# The randomized query complexity of the conjoined trees problem

An important 2003 paper by Childs et al. introduced the "conjoined trees problem": a problem admitting an exponential quantum speedup that's unlike just about any other such problem that we know of. In this problem, we're given an exponentially-large graph like the one pictured below, which consists of two complete binary trees of depth n, whose leaves are connected to each other by a random cycle. We're supplied with the label of the ENTRANCE vertex. We're also supplied with an oracle that, given as input the label of any vertex, tells us the labels of its neighbors. Our goal is to find the EXIT vertex (which can easily be recognized, as the only degree-2 vertex in the graph other than the ENTRANCE vertex). We can assume that the labels are long random strings, so that with overwhelming probability, the only way to learn the label of any vertex other than the ENTRANCE vertex is to be given it by the oracle.

Childs et al. showed that a quantum walk algorithm is able simply to barrel through this graph, and find the EXIT vertex after poly(n) steps. By contrast, they also showed that any classical randomized algorithm requires exp(n) steps to find the EXIT vertex with high probability. They stated their lower bound as Ω(2n/6), but I believe that a closer examination of their proof yields Ω(2n/2). Intuitively, this is because with overwhelming probability, a random walk on the graph (even a self-avoiding walk, etc.) will get stuck in the vast middle region for an exponential amount of time: any time a walker starts heading toward the EXIT, the much larger number of edges pointing away from the EXIT will act as a "repulsive force" that pushes it back toward the middle.

The way they formalized the argument was to show that, until it's visited ~2n/2 vertices, a randomized algorithm hasn't even found any cycles in the graph: the induced subgraph that it's seen so far is just a tree, providing no information whatsoever about where the EXIT vertex might be.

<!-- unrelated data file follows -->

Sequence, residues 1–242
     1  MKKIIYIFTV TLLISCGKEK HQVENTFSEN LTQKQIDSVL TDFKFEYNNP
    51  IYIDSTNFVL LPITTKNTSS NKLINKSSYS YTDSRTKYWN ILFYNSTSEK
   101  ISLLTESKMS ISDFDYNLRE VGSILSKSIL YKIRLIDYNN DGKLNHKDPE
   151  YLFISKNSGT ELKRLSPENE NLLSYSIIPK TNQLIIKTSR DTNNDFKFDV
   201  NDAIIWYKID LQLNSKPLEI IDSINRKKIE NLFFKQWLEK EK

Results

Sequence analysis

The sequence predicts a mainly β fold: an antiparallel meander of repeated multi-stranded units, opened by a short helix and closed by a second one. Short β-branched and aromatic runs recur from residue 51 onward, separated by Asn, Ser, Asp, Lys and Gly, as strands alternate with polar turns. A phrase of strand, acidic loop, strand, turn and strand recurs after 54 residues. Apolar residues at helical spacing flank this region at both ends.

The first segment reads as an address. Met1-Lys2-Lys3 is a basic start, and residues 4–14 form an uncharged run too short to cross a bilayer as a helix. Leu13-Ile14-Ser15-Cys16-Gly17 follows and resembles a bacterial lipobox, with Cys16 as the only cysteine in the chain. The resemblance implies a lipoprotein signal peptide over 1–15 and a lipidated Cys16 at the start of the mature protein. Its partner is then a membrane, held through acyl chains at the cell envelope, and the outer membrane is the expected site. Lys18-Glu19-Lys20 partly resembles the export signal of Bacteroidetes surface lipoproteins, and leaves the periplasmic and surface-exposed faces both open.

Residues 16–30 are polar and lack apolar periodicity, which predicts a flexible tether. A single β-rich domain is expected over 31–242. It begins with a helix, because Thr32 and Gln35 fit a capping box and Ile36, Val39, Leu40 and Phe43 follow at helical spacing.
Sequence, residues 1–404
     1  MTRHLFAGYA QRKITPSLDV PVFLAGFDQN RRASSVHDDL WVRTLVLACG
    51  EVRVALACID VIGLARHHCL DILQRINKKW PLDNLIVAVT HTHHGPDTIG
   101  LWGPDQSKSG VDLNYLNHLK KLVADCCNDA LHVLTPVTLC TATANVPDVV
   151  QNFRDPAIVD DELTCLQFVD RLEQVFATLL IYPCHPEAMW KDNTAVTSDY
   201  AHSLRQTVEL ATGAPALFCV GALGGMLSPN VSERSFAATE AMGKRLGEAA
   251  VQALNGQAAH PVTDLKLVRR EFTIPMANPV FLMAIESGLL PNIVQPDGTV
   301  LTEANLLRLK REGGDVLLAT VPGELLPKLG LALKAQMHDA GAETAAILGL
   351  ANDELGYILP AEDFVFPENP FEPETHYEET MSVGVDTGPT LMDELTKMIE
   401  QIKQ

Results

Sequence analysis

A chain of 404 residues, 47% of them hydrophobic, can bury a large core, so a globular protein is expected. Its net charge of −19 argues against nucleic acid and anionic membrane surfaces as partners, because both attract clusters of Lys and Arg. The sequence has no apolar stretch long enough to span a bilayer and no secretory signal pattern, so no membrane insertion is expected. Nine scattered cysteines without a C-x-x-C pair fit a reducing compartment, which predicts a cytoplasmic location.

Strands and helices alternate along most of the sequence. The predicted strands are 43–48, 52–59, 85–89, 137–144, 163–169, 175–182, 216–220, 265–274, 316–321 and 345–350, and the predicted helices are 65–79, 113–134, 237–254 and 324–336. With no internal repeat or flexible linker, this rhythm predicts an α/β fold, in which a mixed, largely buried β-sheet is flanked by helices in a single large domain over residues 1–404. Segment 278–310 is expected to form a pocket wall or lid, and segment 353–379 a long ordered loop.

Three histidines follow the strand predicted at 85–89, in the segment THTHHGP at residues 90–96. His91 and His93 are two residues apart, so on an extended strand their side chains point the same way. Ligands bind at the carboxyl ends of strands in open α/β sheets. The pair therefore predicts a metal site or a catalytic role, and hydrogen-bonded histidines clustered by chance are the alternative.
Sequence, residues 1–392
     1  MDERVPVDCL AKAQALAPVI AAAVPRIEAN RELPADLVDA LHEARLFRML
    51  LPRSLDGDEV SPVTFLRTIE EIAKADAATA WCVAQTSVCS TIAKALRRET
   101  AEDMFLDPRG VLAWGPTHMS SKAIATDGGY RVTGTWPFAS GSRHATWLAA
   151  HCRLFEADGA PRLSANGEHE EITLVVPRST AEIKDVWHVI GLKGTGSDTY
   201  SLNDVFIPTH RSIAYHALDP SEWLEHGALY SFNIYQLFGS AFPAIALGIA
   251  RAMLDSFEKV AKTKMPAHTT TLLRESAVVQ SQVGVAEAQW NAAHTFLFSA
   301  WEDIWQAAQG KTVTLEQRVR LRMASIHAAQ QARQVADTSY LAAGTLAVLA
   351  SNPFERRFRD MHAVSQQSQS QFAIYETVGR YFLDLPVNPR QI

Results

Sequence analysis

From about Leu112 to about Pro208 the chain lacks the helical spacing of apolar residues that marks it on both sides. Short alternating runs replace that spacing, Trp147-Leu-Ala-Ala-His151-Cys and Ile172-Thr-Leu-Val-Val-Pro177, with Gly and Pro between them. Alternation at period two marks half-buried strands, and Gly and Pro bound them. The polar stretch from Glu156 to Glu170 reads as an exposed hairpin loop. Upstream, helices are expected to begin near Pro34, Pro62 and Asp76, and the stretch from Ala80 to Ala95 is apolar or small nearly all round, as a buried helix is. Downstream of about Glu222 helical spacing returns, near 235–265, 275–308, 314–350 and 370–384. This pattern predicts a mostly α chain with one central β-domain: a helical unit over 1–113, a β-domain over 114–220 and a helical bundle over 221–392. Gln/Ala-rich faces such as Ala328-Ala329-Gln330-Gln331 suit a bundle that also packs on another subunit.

I'm interested in pinning down the randomized query complexity of this problem more precisely. My question is this:

Can anyone come up with a classical algorithm that finds the EXIT vertex in fewer than ~2n steps---say, in O(2n/2), or O(22n/3)? Alternatively, can anyone give a lower bound better than Ω(2n/2)?

(Note that, by the birthday paradox, it's not hard to find cycles in the graph after O(2n/2) steps. The question is whether one can use the cycles to get any clues about where the EXIT vertex is.)

If anyone can improve the lower bound past Ω(2n/2), then to my knowledge, this would provide the very first provable example of a black-box problem with an exponential quantum speedup, whose randomized query complexity is greater than √N. (Where N~2n is the problem size.)

Update: I've learned from Andrew Childs that, in this note, Fenner and Zhang explicitly improve the randomized lower bound for conjoined trees to Ω(2n/3). If they were willing to accept constant (rather than exponentially-small) success probability, I believe they could improve the bound further, to Ω(2n/2). I think I have a deterministic algorithm that finds the exit in $O(n2^{n/2})$ oracle calls.

First, find the labels for all the vertices of distance $n/2$ from the entrance. This takes $O(2^{n/2})$ queries. Then, start from the entrance and walk $n+1$ steps to get to a node $X$ of distance $n+1$ from the entrance. We will try to reach the exit from this node.